Summer Holiday, A fabulous 1960s musical: Four London Bus mechanics strike up a deal with London Transport. They do up a double-decker London Bus, drive it around Europe as a hotel, and if they make it they will own and manage a whole fleet. While on the road in France they pick up three ladies whose car breaks down and offer to take them to their next singing job in Athens. They also pick up a stowaway: a young American boy. Meanwhile, a young American female singer has gone missing. Her VERY ambitious mother and her aide take the story to the press and it makes the front page. They do all they can to make the story run for as long as possible, including misdirecting the bus up an extremely steep Yugoslavian hill. The young American boy turns out to be the missing American girl. Mayhem ensues as the lead character, Don (Cliff Richard) falls for Barbara. Eventually, when the eight bus riders reach Athens, they’re arrested for kidnapping. In front of her mother and a ballroom filled with world-press, Barbara and Don declare their love for each other and the mother accepts–after realizing how ‘big’ Don will become. The film ends with all eight people on a beach in Greece, very much enjoying their well-deserved holiday.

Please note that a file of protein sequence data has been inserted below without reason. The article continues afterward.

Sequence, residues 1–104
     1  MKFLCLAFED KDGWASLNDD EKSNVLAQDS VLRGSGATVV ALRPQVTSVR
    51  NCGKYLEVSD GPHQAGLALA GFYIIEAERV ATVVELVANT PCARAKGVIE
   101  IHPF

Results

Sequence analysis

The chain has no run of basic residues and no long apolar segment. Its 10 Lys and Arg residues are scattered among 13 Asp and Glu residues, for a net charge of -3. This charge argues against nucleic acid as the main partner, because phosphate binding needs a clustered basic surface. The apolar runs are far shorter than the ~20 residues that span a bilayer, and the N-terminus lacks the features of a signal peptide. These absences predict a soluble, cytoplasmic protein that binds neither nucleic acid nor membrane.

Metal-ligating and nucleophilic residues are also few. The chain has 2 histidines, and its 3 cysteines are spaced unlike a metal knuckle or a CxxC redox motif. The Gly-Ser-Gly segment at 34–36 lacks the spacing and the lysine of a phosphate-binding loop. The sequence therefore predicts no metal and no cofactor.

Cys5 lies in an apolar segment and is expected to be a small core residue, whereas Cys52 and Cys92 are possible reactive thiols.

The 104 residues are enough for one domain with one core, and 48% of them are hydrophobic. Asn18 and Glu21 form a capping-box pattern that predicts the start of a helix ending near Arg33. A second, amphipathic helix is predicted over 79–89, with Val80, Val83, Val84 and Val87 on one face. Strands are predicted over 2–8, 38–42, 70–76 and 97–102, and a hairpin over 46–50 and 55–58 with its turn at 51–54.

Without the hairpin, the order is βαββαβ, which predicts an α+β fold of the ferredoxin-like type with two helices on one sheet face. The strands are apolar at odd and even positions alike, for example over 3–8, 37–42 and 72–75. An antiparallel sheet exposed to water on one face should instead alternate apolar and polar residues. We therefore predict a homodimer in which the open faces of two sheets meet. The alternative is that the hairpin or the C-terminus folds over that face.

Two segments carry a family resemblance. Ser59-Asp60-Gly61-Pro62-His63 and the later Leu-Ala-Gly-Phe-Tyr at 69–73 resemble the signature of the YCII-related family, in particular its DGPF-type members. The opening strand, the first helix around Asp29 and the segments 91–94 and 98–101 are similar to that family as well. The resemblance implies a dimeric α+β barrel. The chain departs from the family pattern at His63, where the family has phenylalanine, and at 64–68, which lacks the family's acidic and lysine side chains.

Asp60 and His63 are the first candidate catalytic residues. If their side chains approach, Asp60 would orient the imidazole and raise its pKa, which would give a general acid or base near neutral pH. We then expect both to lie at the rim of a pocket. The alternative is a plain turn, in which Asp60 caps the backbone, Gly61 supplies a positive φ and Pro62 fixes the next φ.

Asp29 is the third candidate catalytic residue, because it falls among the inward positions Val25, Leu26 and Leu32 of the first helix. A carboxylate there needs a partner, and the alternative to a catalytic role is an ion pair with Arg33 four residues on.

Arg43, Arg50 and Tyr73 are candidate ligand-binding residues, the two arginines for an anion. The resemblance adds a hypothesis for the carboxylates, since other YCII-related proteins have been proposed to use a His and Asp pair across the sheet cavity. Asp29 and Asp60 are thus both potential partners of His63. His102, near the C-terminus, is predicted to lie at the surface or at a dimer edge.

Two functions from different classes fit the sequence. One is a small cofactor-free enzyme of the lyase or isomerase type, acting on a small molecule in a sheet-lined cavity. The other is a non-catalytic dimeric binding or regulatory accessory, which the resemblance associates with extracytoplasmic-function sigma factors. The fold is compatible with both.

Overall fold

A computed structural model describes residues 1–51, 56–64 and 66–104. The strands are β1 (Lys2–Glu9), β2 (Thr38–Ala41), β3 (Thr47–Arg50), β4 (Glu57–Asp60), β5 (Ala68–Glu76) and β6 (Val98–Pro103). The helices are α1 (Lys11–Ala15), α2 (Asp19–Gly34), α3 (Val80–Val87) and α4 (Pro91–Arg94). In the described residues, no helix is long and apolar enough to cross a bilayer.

Classic Brit Film From The Iconic 60’s
Summer Holiday, Outstanding musical which topped the UK box office that year, as did The Young Ones the previous year. The storyline is straightforward, but the songs, fashions and odd Brit quirks make this a superb piece of pop history. Cliff is superbly naive and the film is primarily a vehicle to sell his music, but it goes beyond that and is harmless, camp, iconic and superbly dated. Watch it and remember! As for being the British Elvis, I’m not convinced. Cliff always speaks highly of Elvis, but the two are not alike and probably shouldn’t be compared. While there are several other films by Cliff, this and the Young Ones are the ones to watch. Wonderful Life had the same basic cast and formula, but lacked direction. Later films, like Take me High, while offering an idea of the 70’s, don’t quite cut it either. Stick to the big 2 and you shouldn’t be disappointed.